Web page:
Will Vrahassi begin to grow again?
Crisis-hit Greeks leave the cities for a new rural life
Uprooted by a national debt crisis and a deepening recession that has eaten up their jobs, incomes and pensions, many Greeks are now returning to their families’ rural past in search of a future.
Just as young graduates are moving abroad rather than risk joining the 18 percent of Greeks who are out of work, families struggling to maintain their living standards are looking for a simpler life away from the city.
Elisabeth Kokoreli and her husband Vanguelis Tsaprounis quit Athens earlier this year to live permanently in their second home on the island of Evia, where he grew up.
Although they had long been thinking about a change of lifestyle, they were forced to act after the cost of raising a family in the capital, at about 3,000 euros ($4,000) a month, far outstripped their earnings.
Now, their two daughters are settled in the local school in Vassilika and Tsaprounis, a 42-year-old painter, has set about learning the farming skills needed to make the most of the land that he has inherited.
”I am very happy,” said Kokoreli, a 40-year-old dance therapist. ”We have a better chance at a future here. In Athens, it was a constant struggle.
”It has been a big change for me, but I like this new way of life.” Her family is part of an increasing exodus from the cities to the villages, reversing a trend dating back to World War II which has seen the population of Athens triple to four million -- two-fifths of all people living in Greece.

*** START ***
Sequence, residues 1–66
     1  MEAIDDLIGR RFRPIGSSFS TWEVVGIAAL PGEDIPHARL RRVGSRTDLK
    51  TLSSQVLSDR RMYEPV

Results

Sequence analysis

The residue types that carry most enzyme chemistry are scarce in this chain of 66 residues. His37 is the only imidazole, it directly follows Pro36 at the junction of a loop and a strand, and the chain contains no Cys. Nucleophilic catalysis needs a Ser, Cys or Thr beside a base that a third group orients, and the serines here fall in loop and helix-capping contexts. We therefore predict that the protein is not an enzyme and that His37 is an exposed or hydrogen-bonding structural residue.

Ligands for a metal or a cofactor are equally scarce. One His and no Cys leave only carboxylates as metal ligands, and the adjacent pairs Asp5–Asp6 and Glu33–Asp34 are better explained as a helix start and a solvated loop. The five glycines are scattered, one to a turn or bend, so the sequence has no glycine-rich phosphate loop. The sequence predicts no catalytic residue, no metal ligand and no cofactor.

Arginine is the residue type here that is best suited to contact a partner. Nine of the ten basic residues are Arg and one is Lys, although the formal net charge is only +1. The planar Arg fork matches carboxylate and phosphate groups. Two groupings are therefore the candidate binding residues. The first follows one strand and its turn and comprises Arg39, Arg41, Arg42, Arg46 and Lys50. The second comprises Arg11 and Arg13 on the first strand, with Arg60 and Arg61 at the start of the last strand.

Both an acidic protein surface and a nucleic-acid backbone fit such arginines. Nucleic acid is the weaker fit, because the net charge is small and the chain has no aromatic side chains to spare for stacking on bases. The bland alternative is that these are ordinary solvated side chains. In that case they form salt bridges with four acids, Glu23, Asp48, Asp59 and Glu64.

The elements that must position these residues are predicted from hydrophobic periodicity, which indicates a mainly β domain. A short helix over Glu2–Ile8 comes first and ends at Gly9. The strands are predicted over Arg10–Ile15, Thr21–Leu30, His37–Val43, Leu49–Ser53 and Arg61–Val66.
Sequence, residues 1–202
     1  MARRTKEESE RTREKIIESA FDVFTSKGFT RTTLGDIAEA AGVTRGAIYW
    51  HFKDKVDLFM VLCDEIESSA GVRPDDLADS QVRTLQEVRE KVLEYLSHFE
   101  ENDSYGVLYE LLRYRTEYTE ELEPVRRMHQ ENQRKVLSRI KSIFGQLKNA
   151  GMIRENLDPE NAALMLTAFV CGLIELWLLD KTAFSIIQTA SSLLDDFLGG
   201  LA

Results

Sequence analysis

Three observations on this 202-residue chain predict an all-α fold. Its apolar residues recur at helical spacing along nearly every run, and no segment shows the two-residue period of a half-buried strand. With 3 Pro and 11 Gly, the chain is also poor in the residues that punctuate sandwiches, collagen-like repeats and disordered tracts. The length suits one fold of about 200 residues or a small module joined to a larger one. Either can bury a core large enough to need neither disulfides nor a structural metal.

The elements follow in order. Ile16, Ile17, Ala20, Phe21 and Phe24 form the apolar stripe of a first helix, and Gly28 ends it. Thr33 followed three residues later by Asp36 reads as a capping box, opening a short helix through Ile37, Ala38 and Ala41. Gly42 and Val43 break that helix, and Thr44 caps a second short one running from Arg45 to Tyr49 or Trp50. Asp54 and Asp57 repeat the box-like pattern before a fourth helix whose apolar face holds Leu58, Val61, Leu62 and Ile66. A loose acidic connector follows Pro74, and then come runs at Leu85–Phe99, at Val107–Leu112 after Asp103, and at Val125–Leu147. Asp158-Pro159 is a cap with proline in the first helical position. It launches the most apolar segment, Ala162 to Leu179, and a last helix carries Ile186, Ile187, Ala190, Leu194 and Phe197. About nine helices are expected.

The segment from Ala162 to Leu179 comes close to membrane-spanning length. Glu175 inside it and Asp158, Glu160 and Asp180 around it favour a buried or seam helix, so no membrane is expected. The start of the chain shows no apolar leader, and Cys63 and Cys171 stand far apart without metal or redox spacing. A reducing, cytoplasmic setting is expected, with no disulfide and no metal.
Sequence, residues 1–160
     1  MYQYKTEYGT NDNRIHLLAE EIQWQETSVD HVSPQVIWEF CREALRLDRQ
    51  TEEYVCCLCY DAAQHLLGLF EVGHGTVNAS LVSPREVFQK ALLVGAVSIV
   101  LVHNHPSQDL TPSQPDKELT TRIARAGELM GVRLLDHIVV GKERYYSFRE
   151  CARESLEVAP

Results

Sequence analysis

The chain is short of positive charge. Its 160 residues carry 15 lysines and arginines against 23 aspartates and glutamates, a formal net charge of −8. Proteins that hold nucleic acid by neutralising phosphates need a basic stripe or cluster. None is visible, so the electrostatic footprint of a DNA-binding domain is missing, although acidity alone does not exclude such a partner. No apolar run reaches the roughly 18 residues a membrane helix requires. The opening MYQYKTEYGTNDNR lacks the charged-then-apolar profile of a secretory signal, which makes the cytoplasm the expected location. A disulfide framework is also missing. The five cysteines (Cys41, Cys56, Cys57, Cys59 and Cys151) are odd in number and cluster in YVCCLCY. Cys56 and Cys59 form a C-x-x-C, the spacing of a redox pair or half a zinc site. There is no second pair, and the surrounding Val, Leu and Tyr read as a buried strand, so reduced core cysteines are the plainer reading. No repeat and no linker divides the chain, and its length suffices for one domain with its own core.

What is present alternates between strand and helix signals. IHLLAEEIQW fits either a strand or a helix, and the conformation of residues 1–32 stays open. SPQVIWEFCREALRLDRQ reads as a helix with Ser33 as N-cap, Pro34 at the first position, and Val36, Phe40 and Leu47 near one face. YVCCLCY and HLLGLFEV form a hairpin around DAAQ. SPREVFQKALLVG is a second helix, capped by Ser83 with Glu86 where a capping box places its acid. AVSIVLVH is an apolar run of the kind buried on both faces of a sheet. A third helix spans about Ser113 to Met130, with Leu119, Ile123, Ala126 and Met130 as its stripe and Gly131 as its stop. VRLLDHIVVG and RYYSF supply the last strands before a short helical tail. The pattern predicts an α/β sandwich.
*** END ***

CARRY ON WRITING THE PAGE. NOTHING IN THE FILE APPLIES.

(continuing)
Agricultural labour has surged seven percent since 2008, while people who work on the land now make up 12.5 percent of the active population, compared to 11.3 percent in 2008.
Many of these new recruits are middle-aged, like Ambroise Santamouris, 50, and his partner Adriana Flores, 52.
They are both journalists but have seen their industry decimated by the recession, which will next year enter its fourth year.
Santamouris lost his job at a private radio station in 2010, and in January they decided to move to the island of Tinos in the Cyclades, where he has inherited a house by the sea.
For the couple, the move was a ”question of survival”, he says, as well as an opportunity to change the way they lived.
”Most of the things that we thought were important, and which reflect your position in society, turned out to be worthless. And we couldn’t afford them anyway,” Santamouris said.
Although he would rather have retired to the island when he was ready, the prospect of finding another job in Athens, where a quarter of the 8,000 journalists in the city are set to lose their jobs this year, forced his hand.
I cannot let yesterday go by without mention of the fact that David and I once again spent the day at the Court in Neapolis. Of course it was he who shall not be named, rearing his ugly head. This time the case was thrown out. I think the words were to the effect that there was no case to answer. Still it was a bit of a strain on us. We did have a celebratory drink with friends after, and we were in bed by 8 o'clock. It was funny really, because by 3 a.m. we were wide awake. Back to normal today - whatever that is!
I am busy practising for Christmas Eve morning, when Julie (the flute) and I shall be playing Christmas Carols in Neapolis. So, back to it.
Love Jane x